Jane Jacobs, was best know for her activism in New York, over Urban planning and her book The Death and Life of Great American Cities (1961). The book argues that the new ‘urban renewal’ did not respect the needs of most city-dwellers, but also introduced concepts that we now regard as standard within the planning of a city, such as the value of ‘social capital’ and concepts such as ‘Eyes on the street’ – as Jacobs says –
“First, there must be a clear demarcation between what is public space and what is private space. Public and private spaces cannot ooze into each other as they do typically in suburban settings or in projects.
Second, there must be eyes upon the street, eyes belonging to those we might call the natural proprietors of the street. The buildings on a street equipped to handle strangers and to insure the safety of both residents and strangers, must be oriented to the street. They cannot turn their backs or blank sides on it and leave it blind.
And third, the sidewalk must have users on it fairly continuously, both to add to the number of effective eyes on the street and to induce the people in buildings along the street to watch the sidewalks in sufficient numbers. Nobody enjoys sitting on a stoop or looking out a window at an empty street. Almost nobody does such a thing. Large numbers of people entertain themselves, off and on, by watching street activity.”
― Jane Jacobs, The Death and Life of Great American Cities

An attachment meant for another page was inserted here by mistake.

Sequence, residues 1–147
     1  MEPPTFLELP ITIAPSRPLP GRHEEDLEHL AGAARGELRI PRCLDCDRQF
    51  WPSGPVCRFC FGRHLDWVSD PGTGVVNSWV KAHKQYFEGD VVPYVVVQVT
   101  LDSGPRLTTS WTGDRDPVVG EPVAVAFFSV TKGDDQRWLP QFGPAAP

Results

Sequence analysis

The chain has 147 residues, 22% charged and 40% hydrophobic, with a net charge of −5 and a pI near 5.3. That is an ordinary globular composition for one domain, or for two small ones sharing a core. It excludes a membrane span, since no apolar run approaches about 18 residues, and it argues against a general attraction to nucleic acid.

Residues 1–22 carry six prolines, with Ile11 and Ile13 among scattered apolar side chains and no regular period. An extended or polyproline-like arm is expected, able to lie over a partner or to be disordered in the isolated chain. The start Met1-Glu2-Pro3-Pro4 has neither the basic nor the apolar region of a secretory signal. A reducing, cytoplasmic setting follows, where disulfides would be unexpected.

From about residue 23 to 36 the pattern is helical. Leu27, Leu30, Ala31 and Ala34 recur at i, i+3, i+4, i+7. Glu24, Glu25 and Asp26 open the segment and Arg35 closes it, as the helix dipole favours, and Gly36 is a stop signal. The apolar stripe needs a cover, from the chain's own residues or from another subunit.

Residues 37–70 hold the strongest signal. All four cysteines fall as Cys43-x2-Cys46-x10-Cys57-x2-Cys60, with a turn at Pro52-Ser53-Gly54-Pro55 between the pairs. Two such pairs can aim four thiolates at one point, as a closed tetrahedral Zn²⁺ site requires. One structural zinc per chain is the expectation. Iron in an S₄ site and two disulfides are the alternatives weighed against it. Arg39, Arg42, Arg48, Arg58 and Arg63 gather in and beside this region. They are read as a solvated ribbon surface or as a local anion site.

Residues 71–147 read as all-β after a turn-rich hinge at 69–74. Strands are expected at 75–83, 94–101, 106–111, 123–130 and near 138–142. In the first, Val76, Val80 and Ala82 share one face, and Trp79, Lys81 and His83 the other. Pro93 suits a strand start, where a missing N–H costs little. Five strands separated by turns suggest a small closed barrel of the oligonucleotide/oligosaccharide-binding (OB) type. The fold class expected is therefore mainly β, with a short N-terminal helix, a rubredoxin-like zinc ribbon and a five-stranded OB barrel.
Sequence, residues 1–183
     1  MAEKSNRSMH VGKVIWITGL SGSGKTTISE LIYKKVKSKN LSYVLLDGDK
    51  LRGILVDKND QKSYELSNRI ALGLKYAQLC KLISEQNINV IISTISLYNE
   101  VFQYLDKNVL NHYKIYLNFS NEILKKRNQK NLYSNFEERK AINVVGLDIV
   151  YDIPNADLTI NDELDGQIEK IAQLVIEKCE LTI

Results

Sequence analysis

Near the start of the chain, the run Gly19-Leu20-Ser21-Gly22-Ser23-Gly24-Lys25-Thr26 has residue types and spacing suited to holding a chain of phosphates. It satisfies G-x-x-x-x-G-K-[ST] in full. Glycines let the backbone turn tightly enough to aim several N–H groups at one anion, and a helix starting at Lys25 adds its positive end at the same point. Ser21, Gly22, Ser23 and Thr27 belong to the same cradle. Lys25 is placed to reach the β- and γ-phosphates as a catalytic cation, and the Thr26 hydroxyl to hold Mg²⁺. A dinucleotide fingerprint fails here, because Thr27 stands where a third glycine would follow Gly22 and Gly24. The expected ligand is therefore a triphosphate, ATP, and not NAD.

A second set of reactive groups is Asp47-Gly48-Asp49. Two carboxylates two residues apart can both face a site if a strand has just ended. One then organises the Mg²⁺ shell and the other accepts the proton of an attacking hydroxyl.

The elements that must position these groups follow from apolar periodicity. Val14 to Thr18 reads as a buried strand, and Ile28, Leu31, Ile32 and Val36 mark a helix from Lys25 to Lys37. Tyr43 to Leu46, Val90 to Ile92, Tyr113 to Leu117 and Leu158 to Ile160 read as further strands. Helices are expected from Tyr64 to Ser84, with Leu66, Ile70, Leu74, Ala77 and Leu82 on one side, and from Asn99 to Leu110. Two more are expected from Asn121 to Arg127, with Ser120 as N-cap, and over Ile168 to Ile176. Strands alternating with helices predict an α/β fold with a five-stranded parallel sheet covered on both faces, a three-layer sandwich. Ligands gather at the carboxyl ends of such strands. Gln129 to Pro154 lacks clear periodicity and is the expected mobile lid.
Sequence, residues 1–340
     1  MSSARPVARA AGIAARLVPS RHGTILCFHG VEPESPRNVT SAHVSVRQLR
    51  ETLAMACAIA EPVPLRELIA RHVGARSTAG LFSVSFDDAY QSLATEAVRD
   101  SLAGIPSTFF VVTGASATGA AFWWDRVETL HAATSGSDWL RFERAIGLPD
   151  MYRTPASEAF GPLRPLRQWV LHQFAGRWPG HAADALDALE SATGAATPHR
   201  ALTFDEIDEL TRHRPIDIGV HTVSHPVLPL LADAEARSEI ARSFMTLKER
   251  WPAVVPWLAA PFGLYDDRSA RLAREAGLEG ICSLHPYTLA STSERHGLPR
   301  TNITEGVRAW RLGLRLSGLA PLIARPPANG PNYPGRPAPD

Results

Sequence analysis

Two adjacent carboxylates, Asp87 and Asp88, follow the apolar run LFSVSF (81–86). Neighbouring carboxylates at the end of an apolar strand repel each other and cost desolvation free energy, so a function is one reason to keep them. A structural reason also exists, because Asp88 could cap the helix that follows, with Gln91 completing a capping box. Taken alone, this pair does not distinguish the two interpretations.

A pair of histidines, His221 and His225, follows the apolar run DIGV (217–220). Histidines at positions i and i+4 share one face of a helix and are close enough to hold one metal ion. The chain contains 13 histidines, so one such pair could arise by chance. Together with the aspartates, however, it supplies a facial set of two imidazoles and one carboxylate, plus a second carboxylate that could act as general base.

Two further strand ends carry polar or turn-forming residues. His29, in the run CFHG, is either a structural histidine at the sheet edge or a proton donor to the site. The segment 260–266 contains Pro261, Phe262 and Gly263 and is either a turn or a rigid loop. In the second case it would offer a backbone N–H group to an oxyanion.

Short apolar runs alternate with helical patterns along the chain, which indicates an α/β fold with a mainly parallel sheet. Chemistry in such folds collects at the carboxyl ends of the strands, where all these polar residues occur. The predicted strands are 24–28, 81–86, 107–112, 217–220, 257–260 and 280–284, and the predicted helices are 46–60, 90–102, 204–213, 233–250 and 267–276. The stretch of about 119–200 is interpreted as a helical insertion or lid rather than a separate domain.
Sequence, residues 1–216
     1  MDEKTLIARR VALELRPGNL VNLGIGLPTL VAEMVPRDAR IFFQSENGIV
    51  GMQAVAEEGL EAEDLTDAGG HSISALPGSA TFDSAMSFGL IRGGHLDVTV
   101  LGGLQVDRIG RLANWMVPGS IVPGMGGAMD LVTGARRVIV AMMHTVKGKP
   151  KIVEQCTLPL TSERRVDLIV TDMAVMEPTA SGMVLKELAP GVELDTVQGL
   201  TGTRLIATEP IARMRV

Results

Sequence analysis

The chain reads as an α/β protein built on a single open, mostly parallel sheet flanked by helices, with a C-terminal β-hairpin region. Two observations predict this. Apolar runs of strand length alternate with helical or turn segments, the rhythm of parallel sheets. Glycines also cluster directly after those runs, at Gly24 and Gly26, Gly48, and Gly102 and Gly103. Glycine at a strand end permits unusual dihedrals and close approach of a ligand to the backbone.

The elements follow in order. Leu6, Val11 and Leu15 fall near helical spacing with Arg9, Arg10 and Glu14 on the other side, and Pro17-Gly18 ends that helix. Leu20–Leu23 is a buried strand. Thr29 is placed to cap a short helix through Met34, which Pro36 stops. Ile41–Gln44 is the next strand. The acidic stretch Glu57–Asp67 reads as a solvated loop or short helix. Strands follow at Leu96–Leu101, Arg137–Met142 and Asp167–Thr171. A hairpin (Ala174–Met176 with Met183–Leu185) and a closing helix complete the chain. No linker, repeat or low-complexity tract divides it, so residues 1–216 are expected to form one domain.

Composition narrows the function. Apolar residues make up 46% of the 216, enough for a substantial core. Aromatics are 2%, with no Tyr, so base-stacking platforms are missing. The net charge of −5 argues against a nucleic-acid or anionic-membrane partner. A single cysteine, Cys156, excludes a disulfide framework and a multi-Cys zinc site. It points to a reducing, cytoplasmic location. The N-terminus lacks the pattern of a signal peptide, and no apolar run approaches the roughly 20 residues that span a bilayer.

Jacobs came to prominence for organising grassroots efforts to protect existing neighbourhoods from slum clearance in New York City. Her opposition to Robert Moses and his plans to overhaul and gentrify Greenwich Village. Edinburgh residents of the Old Town and surrounding might know that feeling – one were gentrification has given way to hotels and cheap student accommodation – chipping away at the residents that live in the area year in year out. The residents that make up the communities that are being squeezed out by more lacklustre developments that have no heart, no connection to the surrounding and rips out the local community, social cohesion and green spaces in our city.
As a mother and a writer who criticised experts in the male-dominated field of urban planning, Jacobs endured scorn from established figures. She did not have a college degree or any formal training in urban planning, and was criticised for lacking such credentials and being imprecise. Still this is how ‘professionals’ in the planning departments, and developers who fear people who will stand up to them like to smear local activists. They may have little formal qualifications, but they get ‘community’ in ways that developers who want to drop hotels or student accommodation into spaces that groan under the strain of squashing the communities they suck the life out of will never understand.
Worth a read on Jane Jacobs’s life of Urban Activism:
Image of Jane Jacobs: New York World-Telegram and the Sun Newspaper Photograph Collection, Library of Congress, Reproduction Number: LC-USZ-62-137838